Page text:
Apply for a Local Policy Fellowship

By: Adriana Bankston
February 4, 2020
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Local science and technology policy fellowships place scientists and engineers in legislative committees, policymaker's offices, or governmental advisory bodies to, essentially, work as expert staff. Fellows are able to translate their scientific skills into the science policy space, and learn how policymaking occurs through work on specific projects at the state level. In the playbook on how to apply for a local policy fellowship, we will cover a brief background on existing state fellowships and provide a few examples.

Several panelists at the National Science Policy Network (NSPN) webinar in September 2019 presented on state-level STEM fellowships. While the California Council on Science and Technology (CCST) set up the first of these fellowships, science policy expert Deborah Stine described how other states are also looking to establish similar programs. She highlighted that four interrelated elements are necessary for these fellowships to take root in a given state: champions, a non-profit home, a liaison within the state legislature, and funding. The volunteer “bottom-up” champions are individuals who work to identify an appropriate non-profit home of the fellowship, and a partner within the state government. With these needs in place, a fellowship program can identify funding from a regional foundation or state agency.

The presentation by Stine mentioned that currently three states have fellows in place with models that include these four elements: California, Connecticut and New Jersey. Other programs that have been able to get some funding and are scheduled to have fellows with a 2020 start date are Massachusetts, Missouri (MOST Policy Initiative), North Carolina and Virginia. Idaho, Pennsylvania, Virginia and Ohio are working together to establish a program. Illinois, Iowa, and Kansas are in the early stages of program formation. The State Science and Technology Policy Fellowship Program Interest Group offers information about this topic, and may contain information about application openings. The purpose of this group is to bring together those currently involved in state science and technology policy fellowship programs, those who are interested in forming programs within their state, and individuals interested in applying for these programs.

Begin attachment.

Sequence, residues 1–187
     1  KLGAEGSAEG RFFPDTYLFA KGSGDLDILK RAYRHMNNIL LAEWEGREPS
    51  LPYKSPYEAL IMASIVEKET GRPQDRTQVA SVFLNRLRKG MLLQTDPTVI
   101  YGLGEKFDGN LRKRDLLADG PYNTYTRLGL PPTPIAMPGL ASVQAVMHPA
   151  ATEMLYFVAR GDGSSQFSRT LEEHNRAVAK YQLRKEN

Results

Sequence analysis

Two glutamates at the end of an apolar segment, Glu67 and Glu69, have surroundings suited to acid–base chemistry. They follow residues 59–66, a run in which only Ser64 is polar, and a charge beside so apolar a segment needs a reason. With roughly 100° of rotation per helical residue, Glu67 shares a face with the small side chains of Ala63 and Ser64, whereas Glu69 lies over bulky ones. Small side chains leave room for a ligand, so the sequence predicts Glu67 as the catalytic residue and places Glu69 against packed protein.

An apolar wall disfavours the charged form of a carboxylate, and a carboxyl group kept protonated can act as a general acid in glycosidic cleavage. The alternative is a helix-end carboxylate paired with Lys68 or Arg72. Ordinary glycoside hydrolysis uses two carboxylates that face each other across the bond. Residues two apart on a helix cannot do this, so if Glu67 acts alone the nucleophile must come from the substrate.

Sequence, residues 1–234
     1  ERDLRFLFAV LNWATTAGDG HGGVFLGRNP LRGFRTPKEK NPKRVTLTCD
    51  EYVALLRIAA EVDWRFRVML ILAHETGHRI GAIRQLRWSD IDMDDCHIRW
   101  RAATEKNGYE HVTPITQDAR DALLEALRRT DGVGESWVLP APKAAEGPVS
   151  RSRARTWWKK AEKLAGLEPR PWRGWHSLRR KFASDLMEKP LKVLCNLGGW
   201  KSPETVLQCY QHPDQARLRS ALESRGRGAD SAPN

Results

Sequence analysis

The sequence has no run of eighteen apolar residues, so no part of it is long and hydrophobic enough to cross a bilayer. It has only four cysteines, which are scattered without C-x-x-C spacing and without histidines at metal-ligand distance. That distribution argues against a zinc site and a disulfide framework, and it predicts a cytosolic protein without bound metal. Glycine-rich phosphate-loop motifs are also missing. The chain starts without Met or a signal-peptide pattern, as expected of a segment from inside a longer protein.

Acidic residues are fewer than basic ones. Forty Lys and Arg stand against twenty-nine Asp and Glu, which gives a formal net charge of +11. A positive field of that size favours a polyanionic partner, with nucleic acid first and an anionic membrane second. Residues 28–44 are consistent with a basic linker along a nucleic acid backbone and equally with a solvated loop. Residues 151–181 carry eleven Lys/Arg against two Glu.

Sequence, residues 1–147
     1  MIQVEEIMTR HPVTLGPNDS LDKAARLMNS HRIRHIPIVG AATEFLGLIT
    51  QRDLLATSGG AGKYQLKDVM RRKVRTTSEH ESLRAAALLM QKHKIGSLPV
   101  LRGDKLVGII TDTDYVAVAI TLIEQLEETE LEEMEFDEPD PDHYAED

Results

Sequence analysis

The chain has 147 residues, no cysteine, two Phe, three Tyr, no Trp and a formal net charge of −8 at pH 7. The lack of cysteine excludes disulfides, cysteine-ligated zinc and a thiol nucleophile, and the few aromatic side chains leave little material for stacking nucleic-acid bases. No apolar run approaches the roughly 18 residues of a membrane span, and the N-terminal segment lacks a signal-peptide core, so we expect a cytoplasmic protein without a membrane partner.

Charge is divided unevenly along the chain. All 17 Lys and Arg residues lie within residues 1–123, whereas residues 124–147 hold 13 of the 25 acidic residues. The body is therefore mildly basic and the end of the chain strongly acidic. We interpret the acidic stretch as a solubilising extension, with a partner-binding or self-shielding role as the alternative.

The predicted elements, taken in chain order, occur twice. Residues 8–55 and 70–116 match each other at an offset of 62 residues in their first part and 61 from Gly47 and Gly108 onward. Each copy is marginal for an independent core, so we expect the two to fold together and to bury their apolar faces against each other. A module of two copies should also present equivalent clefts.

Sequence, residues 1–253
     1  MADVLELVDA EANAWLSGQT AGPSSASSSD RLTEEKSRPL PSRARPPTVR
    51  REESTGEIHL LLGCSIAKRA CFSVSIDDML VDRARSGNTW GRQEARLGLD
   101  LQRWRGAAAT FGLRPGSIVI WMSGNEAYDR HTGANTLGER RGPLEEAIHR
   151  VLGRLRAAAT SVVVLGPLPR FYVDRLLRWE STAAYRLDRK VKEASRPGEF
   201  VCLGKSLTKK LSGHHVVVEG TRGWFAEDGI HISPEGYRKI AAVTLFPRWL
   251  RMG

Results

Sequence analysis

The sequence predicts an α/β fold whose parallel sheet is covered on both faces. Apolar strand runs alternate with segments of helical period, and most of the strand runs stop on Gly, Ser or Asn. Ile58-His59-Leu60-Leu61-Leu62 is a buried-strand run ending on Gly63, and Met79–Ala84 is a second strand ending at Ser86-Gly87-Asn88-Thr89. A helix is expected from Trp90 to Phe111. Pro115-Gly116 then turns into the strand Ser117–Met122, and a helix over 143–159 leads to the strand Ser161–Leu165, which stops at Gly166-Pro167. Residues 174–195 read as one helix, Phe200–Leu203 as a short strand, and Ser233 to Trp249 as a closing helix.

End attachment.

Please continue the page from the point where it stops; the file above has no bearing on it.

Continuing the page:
Below we detail a few examples of state-level fellowships and details about the application process.

California Council on Science & Technology (CCST) Fellows Program

  • Places scientists and engineers in the California State Legislature and Executive Branch for one-year appointments.
  • Ideal for applicants who are interested in improving the interface between science and legislative decision-making and who want to learn the public policy decision-making process.
  • To apply for the fellowship, one must possess a Ph.D. or equivalent level degree, U.S. citizenship or a suitable immigration status for non-residents.
  • Applications are not limited to California residents.
  • Fellows are selected in June 2020, and the Fellowship begins on November 1, 2020.
  • The fellowship provides training to help fellows transition to this new environment, including a three week training period prior to placement in an office.
  • You can find out more about the fellowship from this webinar and this interview with a former fellow.

Eagleton Science and Politics Fellowship

  • Launched in November 2018, and supported in part by the New Jersey Legislature.
  • Full-time, year-long program for scientists and engineers who have completed doctoral programs.
  • Fellowship placements are in or around Trenton, with some events at Rutgers University.
  • Fellows bring advanced technical skills to service in state government, either in the executive or the legislative branch, develop an understanding of state government and learn how to build careers in public service.
  • The fellowship year begins in July 2020 and concludes in July 2021.
  • The fellowship contains a professional development plan, which is used to inform additional meetings, followed by internal events, as well as conferences and trainings.

Missouri Science and Technology (MOST) Policy Fellowship program

  • Developed through a partnership between the state legislature, higher education institutions, and foundations seeking to advance science and technology.
  • This is an effort of the MOST Policy Initiative, a nonprofit that brings scientists and policymakers together to improve livelihoods for people and communities in the Midwest.
  • Advances Missouri’s standing as a leading state in research and development, agricultural and environmental management, and health care.
  • Places scientifically-trained fellows in the state capitol to provide scientific resources for policymakers.

This post represents my personal views and not the views of my employer, University of California.

Engineers & Scientists Acting Locally (ESAL) is a non-advocacy, non-political organization. The information in this post is for general informational purposes and does not imply an endorsement by ESAL for any political candidates, businesses, or organizations mentioned herein.
Published: 02/4/20
Updated: 08/17/23
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